What matters to me is that four or five generations of question marks whose gene pool eventually created me lived in the same place and time as the Lenape tribe. They survived the same snowy winters and muggy summers, ate the same corn, squash, and beans, hunted the same deer and rabbits, farmed the same sandy loam, watched the same sun rising from the Atlantic ocean and setting in the Ramapo Mountains. The Lenape believed (as I do) that they learned how to live from what lived around them, much as immigrants learned from native tribes. For this, I owe the Lenni-Lenape not only my respect but my existence. In that sense, I belong to that tribe: not that I am one of them, but that they own me, a child of Caucasians who were born for generations on land that was inhabited by (and should rightfully still “belong” to) the original people. Thus, I owe and am owned.




               How do I observe this debt?


               I read that the woodchuck was a one of the Lenape’s sacred animals and vowed never to harm one. In other places, I read the muskrat was the actual sacred animal.  Fine; I won’t harm either one. Same goes for turkeys, turtles, and wolves.


               I once watched a turhen eat all the beet seedlings in my garden. She was methodical about it, snapping off the nascent leaves at the ground with her curved beak, going down the row as orderly as I’d planted them. A woodchuck ate most of my cucumber patch, one of the few vegetables I can grow in my sandy soil. While gardeners in my neighborhood are dismayed that I don’t shoot, poison, or trap them, I am dismayed by their eagerness to kill the native wildlife. Animals live in a world of right now. If I wanted to eat beet seedlings or cucumber plants at the same time they did, both turkey and woodchuck would have yielded to me. How could I kill an animal for the crime of not understanding my intention of saving food for later? The land was their habitat long before it was mine; they deserve to eat what is in their territory. Besides, unlike them, I always have the option of purchasing vegetables at the local farm stand.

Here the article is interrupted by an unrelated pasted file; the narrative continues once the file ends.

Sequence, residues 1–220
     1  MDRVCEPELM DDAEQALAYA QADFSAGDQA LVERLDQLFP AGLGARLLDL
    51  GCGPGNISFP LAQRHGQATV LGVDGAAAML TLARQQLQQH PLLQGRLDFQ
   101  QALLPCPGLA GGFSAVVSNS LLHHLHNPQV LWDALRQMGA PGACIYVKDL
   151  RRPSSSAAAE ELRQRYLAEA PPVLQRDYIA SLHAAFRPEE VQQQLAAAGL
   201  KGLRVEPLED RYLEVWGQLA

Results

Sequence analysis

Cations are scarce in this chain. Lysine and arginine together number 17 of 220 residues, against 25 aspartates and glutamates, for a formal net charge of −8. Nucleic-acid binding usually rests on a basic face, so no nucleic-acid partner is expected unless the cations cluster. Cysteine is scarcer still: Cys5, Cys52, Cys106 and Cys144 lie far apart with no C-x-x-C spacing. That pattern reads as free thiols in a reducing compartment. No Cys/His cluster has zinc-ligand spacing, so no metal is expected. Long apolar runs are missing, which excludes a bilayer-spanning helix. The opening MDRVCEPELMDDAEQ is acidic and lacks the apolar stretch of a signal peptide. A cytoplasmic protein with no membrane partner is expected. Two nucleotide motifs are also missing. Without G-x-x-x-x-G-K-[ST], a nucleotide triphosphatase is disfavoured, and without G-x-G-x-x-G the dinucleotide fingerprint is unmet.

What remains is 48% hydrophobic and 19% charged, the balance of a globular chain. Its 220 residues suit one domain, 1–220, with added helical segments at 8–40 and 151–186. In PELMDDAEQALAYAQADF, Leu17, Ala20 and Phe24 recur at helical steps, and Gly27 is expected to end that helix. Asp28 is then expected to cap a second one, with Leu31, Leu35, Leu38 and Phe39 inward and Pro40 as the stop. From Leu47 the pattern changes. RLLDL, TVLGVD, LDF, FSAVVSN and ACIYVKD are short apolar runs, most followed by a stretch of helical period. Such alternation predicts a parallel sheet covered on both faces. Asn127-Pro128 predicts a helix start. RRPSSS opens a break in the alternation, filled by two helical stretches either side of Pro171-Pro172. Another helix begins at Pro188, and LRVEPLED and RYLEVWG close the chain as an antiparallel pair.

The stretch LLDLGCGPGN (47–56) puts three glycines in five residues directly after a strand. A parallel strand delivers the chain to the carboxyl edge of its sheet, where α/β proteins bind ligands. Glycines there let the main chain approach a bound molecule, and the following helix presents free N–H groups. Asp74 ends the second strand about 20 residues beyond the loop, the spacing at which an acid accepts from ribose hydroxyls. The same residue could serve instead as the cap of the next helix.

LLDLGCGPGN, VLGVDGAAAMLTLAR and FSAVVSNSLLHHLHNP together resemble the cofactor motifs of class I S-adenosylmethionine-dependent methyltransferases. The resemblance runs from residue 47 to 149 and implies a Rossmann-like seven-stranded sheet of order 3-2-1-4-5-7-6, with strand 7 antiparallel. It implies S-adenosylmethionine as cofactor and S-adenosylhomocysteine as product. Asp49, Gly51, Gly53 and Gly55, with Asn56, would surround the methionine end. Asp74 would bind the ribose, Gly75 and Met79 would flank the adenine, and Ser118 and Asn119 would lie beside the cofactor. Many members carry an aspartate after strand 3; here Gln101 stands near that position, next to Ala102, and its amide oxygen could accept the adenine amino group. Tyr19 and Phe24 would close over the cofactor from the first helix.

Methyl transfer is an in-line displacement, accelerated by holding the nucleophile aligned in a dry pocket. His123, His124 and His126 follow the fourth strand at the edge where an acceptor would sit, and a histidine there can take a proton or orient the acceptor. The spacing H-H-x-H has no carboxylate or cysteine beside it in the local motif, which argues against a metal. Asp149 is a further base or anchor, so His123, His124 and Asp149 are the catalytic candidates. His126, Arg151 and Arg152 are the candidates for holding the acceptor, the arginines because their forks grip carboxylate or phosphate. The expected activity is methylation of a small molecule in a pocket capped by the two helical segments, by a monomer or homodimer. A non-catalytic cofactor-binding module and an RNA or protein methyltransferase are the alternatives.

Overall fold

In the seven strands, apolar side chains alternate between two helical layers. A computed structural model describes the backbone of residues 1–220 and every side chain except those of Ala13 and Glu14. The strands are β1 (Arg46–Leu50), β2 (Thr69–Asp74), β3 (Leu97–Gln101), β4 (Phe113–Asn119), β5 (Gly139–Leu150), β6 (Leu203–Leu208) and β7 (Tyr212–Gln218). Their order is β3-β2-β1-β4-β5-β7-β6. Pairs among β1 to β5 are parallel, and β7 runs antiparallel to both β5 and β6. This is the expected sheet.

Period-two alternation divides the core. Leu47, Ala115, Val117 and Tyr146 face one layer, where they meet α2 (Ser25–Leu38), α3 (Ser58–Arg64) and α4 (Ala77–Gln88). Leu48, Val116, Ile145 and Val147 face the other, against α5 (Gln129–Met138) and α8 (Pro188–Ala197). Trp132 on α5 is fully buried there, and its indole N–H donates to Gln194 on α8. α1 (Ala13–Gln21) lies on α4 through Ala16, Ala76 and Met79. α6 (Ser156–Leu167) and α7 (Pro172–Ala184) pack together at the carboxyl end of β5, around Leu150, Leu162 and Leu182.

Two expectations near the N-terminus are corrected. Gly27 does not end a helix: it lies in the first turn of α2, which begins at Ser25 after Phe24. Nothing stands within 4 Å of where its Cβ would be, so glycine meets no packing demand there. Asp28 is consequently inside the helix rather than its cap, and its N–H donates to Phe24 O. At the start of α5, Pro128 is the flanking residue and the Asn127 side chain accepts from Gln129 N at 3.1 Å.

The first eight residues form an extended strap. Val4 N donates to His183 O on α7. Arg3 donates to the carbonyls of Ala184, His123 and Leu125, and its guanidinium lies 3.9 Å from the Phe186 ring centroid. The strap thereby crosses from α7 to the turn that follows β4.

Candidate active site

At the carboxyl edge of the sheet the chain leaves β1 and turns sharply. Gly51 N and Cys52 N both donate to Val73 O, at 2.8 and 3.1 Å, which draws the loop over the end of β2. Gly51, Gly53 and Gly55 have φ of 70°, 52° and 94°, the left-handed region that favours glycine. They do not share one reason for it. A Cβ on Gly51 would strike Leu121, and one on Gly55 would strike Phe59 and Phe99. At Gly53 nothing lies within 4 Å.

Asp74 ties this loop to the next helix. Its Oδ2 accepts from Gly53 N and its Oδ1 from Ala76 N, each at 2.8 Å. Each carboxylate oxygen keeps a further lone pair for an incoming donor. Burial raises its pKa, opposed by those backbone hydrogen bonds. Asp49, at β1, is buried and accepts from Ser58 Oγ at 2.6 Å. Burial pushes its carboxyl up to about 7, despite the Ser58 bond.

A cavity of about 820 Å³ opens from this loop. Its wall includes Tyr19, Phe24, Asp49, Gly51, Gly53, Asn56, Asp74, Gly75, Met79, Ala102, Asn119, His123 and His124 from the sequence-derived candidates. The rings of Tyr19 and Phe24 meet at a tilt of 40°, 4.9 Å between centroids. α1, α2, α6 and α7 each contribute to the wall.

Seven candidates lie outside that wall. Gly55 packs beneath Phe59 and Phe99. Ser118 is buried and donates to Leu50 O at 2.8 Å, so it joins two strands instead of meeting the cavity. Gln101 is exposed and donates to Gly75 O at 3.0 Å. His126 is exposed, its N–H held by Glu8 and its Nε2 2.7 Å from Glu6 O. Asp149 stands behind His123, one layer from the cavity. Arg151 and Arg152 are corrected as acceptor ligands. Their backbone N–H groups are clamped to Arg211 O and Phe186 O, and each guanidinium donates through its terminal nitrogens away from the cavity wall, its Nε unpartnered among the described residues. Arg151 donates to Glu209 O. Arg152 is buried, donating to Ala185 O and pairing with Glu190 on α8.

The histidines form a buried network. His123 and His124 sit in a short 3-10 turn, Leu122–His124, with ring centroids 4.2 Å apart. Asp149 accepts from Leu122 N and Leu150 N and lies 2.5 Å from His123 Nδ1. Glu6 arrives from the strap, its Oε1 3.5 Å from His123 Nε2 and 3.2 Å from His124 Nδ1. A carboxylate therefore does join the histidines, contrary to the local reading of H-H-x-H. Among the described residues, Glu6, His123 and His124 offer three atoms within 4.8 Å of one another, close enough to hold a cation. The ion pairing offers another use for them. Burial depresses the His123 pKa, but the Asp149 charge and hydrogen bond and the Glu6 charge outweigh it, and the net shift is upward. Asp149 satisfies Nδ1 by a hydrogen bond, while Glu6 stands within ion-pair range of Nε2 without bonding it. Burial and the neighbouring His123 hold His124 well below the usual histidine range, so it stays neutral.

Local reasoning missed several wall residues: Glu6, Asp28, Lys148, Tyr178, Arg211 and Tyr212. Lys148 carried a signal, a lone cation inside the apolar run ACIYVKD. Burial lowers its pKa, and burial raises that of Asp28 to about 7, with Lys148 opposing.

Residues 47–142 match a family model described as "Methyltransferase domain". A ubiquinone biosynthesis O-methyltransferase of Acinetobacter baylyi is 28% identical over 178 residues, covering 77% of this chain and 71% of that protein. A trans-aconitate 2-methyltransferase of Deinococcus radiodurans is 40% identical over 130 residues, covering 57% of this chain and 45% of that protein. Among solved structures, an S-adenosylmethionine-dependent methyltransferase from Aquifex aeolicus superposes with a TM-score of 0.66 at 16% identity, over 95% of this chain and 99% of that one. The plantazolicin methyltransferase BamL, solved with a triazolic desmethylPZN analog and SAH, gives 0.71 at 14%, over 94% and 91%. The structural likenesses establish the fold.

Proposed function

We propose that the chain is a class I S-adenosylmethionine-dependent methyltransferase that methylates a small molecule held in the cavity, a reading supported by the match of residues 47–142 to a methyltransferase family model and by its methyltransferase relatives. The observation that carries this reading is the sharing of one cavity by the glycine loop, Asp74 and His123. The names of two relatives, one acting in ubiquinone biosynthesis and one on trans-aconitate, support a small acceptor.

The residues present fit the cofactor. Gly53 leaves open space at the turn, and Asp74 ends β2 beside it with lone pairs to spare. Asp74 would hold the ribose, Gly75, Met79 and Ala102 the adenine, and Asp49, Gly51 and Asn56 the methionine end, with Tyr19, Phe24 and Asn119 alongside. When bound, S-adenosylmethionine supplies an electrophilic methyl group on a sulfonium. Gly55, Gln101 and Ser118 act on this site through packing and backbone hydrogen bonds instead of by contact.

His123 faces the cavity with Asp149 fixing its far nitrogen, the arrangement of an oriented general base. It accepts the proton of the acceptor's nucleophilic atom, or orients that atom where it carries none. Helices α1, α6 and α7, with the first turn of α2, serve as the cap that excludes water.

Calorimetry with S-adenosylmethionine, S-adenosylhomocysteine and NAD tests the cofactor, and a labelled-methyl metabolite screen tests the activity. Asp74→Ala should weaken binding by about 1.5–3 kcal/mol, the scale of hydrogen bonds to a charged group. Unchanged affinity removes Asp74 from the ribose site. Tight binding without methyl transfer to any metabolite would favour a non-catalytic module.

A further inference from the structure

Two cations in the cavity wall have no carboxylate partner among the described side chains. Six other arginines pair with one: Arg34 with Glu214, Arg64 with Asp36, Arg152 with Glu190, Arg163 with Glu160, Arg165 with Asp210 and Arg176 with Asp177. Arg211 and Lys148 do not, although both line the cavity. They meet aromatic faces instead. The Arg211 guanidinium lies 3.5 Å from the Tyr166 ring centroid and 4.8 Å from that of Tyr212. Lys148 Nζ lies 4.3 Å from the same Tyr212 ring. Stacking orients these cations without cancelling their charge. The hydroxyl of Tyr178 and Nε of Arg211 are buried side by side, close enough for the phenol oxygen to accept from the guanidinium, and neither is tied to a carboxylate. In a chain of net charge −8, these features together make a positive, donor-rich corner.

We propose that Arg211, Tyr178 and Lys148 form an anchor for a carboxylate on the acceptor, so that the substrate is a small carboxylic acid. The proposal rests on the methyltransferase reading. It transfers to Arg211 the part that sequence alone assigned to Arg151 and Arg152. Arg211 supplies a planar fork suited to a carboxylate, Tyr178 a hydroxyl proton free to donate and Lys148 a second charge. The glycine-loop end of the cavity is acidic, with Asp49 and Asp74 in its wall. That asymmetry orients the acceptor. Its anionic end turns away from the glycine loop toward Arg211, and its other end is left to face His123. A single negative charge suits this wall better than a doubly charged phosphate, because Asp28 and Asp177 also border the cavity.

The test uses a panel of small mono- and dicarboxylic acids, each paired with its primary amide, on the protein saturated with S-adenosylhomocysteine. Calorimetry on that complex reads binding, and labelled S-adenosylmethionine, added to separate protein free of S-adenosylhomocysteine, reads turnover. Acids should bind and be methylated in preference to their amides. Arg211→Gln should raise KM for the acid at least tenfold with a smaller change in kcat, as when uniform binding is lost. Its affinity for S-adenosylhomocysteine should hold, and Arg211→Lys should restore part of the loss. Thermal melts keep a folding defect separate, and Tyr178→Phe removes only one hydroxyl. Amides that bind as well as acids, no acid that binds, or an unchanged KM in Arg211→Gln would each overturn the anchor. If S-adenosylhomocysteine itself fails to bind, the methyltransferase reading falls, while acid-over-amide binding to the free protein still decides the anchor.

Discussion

In addition to co-existence, I practice the usual eco-lifestyle—recycling, minimizing use of chemicals, reducing waste, etc. I am an ardent enemy of lawns which require ungodly amounts of pollution to maintain. My front yard is covered with wild violets (which deer eat) and scrubby blueberries (which rodents and birds eat). I don’t do this to change the world.  I am well aware that anything we do on a personal level is minuscule compared to the ongoing pillage of nature by corporations, but in my small way I attempt to acknowledge a large debt to the land.  I call the woodchuck by its Lenape name: munhake.




               The Lenapes didn’t have Coyote in their mythology, but they did have a trickster figure called “Crazy Jack” or “Little Jack” known as Wehixamukes, Kupahweese, Cheekiitha, or Chekitha. In these stories, Wehixamukes follows directions to the letter, not the meaning. For example, when he accidentally cuts his hand with an axe, a hunter tells him to tie bark to the wound to heal it. He climbs a tree and ties himself into it. When the hunter finds him and tells him he should have cut the bark from the tree, instead, Wehixamukes replies: “I’d have done that if you had told me!”  I love the way he demands exactitude in wording. He is a teacher of poets.